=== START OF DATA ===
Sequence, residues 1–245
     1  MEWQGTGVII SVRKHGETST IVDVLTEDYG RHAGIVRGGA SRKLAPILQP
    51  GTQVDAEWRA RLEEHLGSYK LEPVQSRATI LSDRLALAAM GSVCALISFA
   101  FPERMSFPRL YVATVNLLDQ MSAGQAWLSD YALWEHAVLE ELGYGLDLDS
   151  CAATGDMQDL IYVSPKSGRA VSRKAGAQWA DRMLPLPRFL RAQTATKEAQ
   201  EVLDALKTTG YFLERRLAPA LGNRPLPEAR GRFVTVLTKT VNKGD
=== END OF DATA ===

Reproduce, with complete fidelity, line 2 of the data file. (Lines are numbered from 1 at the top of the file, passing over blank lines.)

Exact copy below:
     1  MEWQGTGVII SVRKHGETST IVDVLTEDYG RHAGIVRGGA SRKLAPILQP